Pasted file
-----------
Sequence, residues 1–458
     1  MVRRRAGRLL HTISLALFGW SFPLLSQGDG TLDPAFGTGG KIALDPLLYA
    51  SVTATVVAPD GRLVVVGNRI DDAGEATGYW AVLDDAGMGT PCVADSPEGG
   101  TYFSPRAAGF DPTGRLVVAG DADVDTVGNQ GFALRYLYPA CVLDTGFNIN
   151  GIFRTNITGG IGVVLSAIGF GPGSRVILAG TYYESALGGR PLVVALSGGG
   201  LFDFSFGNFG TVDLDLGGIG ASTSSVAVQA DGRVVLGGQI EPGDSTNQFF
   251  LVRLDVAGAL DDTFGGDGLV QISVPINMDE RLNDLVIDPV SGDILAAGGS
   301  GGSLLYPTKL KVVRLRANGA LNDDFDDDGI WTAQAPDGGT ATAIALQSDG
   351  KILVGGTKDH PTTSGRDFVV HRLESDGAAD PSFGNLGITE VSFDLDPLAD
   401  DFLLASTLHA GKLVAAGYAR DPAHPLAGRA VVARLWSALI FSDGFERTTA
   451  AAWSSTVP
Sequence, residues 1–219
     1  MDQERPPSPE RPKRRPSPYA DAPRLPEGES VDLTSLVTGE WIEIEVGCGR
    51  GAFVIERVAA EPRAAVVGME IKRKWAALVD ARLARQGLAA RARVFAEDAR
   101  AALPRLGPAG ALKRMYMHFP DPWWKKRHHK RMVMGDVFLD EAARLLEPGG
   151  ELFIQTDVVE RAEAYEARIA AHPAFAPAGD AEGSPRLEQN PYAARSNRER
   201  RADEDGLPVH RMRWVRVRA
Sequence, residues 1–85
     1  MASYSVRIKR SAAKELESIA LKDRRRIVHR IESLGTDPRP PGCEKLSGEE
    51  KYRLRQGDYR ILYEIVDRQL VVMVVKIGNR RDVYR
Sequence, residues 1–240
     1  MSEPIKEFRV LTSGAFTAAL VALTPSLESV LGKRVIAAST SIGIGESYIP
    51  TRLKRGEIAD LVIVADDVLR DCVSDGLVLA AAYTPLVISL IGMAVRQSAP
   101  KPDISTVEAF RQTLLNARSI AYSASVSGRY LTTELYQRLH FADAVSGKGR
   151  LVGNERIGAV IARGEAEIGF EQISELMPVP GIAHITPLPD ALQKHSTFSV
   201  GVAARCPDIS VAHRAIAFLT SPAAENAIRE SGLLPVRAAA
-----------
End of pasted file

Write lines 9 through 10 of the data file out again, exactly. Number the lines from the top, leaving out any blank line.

   351  KILVGGTKDH PTTSGRDFVV HRLESDGAAD PSFGNLGITE VSFDLDPLAD
   401  DFLLASTLHA GKLVAAGYAR DPAHPLAGRA VVARLWSALI FSDGFERTTA